(We had a lot of luck on Venus
We always had a ball on Mars
Meeting all the groovey people
We've rocked the Milky Way so far
We danced around with Borealice
We're space truckin' round the the stars
Come on let's go Space Truckin')

Dr. Oyola said...

I haven't read any Asimov in 20 years or more, but in high school and right after college I devoured as many of his books I could get my hands on, and my interest in social science was definitely influenced by his "psychohistory."

I think Caves of Steel would make a great film adaptation - too bad there is little love for Asimov on the screen after that miserable I, Robot movie.

Anyway, these days I doubt I'd like his books as much and I bet they are rife with assumptions and unquestioned imperialist/colonialist ideas. .. but maybe I'll pick up Foundation again some day.

Garett said...

Hey William, one of the things Asimov talks about in the autobiography is how much he enjoyed writing non-SF, including the Black Widowers. Congrats on being published in his magazine!

Karen said...

That's a problem with a lot of older SF though, isn't it, Osvaldo? It's a product of its time, mostly, and certain things were unfortunately taken for granted. As a teen, I heard great things about E.E. 'Doc' Smith's Lensman series (it inspired the Silver Age Green Lantern to some degree). I found the first book at a used book store and got home and started to read it, and for the first and only time in my life, wound up throwing the book across the room. Why? I couldn't handle the sexism. I got to a part where it described how only men could be 'lensmen' because women didn't have the mental toughness or willpower to do it. That was it for me.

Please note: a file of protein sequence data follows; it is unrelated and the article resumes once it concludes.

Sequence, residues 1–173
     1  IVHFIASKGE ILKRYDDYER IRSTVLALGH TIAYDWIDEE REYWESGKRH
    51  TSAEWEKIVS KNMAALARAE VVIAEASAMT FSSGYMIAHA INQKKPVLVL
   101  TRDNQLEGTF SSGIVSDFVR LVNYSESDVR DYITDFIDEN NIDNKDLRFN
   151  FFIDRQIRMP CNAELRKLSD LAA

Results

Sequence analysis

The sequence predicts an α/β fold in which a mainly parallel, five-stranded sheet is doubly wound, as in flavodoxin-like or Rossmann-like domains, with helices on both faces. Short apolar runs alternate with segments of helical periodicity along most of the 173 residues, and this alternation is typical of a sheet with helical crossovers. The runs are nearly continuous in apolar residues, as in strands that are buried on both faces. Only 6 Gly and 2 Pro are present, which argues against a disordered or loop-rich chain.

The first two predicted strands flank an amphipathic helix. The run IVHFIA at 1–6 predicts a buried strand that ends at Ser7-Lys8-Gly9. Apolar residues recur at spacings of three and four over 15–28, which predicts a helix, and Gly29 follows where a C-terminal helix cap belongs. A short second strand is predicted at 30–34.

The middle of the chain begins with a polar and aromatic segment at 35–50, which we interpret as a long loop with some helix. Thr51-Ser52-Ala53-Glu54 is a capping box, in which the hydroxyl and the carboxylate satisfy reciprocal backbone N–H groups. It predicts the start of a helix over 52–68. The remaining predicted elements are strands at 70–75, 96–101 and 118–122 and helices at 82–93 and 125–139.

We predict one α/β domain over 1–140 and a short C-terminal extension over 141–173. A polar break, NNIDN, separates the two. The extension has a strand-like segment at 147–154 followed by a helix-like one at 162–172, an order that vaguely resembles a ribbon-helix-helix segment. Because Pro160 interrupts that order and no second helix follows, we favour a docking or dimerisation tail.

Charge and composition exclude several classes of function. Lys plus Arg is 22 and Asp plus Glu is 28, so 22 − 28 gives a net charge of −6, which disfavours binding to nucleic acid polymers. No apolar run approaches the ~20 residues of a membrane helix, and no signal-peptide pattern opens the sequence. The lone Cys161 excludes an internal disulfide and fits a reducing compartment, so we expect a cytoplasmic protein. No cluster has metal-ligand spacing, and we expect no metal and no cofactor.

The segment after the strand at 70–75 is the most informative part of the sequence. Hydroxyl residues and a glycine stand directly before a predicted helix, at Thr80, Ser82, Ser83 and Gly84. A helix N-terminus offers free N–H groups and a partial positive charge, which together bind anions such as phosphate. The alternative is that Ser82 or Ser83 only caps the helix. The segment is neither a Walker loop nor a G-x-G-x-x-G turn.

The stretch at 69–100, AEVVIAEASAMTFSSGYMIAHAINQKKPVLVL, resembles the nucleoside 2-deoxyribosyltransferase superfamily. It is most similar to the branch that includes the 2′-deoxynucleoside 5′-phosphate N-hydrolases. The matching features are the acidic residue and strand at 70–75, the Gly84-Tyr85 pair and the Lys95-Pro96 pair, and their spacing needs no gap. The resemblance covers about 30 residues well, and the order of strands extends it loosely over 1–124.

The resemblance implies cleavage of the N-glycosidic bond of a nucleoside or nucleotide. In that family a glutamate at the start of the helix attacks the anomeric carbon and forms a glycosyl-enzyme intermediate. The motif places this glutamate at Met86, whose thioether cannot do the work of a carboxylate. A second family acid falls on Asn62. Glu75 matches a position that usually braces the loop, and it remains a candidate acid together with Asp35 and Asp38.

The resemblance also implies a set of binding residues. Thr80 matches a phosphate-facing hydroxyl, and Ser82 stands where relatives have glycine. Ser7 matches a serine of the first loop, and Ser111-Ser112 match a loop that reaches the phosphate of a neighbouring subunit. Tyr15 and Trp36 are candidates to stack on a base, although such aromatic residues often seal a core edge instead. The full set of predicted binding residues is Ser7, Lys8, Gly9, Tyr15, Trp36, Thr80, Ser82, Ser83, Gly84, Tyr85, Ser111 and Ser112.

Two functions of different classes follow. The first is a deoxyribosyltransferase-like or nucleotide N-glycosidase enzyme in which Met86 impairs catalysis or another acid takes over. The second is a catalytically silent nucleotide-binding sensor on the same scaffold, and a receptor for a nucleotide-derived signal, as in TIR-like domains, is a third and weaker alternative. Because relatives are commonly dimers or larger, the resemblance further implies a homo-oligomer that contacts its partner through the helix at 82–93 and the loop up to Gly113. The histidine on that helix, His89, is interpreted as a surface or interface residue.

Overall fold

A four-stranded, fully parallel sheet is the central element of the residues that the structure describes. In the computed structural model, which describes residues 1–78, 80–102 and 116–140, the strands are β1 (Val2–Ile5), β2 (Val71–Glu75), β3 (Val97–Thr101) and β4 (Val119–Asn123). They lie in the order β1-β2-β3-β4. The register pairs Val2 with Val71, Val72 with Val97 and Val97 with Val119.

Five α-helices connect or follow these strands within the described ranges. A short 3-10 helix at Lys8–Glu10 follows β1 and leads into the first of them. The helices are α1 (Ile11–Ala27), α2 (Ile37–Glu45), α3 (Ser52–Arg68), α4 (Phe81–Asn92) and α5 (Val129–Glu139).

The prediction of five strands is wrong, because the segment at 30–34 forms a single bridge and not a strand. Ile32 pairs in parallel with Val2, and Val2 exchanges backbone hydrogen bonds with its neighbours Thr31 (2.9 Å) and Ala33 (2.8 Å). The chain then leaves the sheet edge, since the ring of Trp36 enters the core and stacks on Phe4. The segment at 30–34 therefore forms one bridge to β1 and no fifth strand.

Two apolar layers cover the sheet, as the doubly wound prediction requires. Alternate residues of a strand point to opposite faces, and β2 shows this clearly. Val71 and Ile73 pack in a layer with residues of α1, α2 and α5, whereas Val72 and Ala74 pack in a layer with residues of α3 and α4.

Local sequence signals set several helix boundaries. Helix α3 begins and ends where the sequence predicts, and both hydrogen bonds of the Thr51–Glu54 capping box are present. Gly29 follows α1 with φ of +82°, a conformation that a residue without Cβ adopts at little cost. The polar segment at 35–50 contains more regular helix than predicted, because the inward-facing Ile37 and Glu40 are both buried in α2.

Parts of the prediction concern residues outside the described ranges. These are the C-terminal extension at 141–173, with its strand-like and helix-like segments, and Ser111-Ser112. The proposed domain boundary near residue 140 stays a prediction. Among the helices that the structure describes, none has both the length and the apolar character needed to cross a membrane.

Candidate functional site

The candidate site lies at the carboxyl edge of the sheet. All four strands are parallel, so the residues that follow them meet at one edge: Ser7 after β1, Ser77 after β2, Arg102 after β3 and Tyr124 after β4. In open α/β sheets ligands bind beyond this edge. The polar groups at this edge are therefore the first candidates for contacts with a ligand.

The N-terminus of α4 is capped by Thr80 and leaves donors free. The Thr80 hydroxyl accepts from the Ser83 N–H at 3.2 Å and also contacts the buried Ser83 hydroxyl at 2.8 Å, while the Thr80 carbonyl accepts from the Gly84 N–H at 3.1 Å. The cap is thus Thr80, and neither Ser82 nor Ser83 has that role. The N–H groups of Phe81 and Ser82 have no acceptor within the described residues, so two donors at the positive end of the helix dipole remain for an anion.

Now that I'm older, I can sometimes look past such things, but I usually don't even bother. My time is limited, so I read for enjoyment, and there are a lot of current writers I follow who may challenge me, but not with sexism or racism, thanks.

William Preston said...


One more installment of the "Old Man" series is in the works (as are several other stories); it's been a strange year--no need for details here, but suffice it to say one friend referred to me as "Job"--that's kept me from finishing some stories, but I will be more productive starting . . . now!

And thanks, Garett.

I don't know why it is, Karen, but I think genre fiction, more than "literary" fiction, has been more afflicted--or at least more visibly afflicted--by racism and sexism. (Though I think every English writer in the '30s made clear his or her anti-Semitism.) It likely had as least as much to do with the presumptive audience as with the writers themselves and the larger culture.

Dr. Oyola said...

Yeah, well I don't mean to say I wouldn't read them again because of the possibility of its thoughtlessness in that regard (to be the most generous I can be about that), but rather that the reading experience would be very different.

Shiz, I think I may just have to squeeze one in this summer now and maybe make a blog post out of it.